Rob Sandler, Medical Education
“There are opportunities to teach everyday when you’re a medical practitioner, and being able to use what you’ve learned and then receive feedback from the students to see if you could have done anything better, is incredibly useful to improve the teaching. This approach has improved my teaching 100 times over and it’s been really satisfying seeing the positive changes.”
Rob is a Rheumatology and General Medicine Registrar from Chesterfield, who also trained in MBChB Medicine at the University of Sheffield, as well as completing his foundation and core medical training in South Yorkshire. Rob started his Specialist Training in Rheumatology in 2018, and has always had an interest in teaching.
Rob says, “Knowing this course was available locally and delivered by an institution I trust, made it an easy decision to make! I was looking for something which would offer me more theory and understanding of my ways of teaching, and how I can improve my teaching. I also wanted a course that I could complete part-time, but wasn’t 100% distance learning. It was important to me that there was a degree of contact teaching, and that I was able to complete the course within one year.”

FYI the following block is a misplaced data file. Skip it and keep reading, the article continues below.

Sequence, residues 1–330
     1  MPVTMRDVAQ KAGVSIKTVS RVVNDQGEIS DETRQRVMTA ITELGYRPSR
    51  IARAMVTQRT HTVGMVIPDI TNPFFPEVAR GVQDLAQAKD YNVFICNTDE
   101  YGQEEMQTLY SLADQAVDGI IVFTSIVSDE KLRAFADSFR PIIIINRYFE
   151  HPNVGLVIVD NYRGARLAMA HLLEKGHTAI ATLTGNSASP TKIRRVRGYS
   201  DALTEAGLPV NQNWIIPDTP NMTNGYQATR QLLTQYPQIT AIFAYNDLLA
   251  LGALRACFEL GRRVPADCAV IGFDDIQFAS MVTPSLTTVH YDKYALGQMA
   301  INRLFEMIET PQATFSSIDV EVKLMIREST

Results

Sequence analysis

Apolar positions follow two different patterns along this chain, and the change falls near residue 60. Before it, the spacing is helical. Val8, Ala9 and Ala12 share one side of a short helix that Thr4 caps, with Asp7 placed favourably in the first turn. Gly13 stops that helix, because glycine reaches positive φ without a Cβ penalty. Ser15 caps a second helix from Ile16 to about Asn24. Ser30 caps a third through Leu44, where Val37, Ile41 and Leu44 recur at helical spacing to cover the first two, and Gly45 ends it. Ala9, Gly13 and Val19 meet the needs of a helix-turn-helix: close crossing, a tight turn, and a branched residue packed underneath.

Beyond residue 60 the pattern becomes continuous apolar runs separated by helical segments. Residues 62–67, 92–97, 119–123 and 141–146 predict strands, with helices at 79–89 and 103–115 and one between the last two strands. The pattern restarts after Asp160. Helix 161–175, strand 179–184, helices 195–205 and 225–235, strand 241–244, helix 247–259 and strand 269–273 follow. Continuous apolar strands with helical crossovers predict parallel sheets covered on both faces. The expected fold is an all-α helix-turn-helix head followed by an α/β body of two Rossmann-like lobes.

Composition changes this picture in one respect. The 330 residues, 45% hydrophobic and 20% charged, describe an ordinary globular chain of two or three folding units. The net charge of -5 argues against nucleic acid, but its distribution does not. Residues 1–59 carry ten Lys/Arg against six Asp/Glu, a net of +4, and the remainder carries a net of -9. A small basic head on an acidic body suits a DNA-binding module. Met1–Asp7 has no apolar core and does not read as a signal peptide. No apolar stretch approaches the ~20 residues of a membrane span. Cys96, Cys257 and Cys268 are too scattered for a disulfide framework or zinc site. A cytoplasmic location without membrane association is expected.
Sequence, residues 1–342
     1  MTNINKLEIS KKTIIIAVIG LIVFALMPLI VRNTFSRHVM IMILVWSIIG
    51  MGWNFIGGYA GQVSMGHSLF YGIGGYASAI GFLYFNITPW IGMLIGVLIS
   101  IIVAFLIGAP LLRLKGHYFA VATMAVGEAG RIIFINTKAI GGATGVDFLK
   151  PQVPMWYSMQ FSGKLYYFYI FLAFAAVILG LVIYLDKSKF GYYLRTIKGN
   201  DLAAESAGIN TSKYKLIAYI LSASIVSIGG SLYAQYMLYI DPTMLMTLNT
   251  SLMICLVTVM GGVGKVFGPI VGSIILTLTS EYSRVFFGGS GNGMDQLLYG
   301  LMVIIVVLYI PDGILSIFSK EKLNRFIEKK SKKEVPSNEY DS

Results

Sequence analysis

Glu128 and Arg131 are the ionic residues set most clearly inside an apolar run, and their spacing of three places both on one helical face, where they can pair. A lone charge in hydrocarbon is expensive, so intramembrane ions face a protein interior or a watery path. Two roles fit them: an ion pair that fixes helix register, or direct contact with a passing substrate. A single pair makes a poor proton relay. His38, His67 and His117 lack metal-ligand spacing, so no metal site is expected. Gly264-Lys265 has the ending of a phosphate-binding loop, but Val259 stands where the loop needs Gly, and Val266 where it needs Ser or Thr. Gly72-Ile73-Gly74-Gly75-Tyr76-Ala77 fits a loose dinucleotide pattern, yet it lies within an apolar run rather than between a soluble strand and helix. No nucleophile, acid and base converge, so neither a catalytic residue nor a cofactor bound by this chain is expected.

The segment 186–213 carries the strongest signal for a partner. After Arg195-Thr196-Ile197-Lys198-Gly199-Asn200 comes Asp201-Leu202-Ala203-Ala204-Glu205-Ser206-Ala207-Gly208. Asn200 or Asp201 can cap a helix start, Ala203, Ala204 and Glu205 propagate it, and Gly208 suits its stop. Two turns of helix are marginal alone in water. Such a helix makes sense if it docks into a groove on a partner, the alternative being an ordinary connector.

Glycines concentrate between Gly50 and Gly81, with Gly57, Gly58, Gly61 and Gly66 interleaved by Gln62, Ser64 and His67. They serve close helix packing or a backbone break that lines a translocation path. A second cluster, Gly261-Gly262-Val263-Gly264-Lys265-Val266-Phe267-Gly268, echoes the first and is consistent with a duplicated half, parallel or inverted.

“I found reading about situated learning theory probably the most interesting aspect, mainly because I completely identified with the content and when I think back to some of the experiences that i had as a student myself, a lot of them came from some of the concepts which are explored as part of this theory.
“That was just one of quite a few different theories that we discussed that I was really able to identify with - and when you reflect and understand these theories, you can learn not only how you benefited from them, but the aso how you can implement them in your own teaching to the benefit of your students.”
Rob advises to look into any possible funding through taking on a paid role at the medical school, or academic training programme or fellowship. Rob adds, “In the short term, I think this has definitely improved the way that I teach on a daily basis, and that’s been reflected in the feedback that I’ve received since I’ve taken on the course.
“Going forward not only will the course aid me to start planning programmes of teaching, but it will also open the door to getting more formally involved in medical education when I become a consultant in the future, which is a real ambition of mine.”
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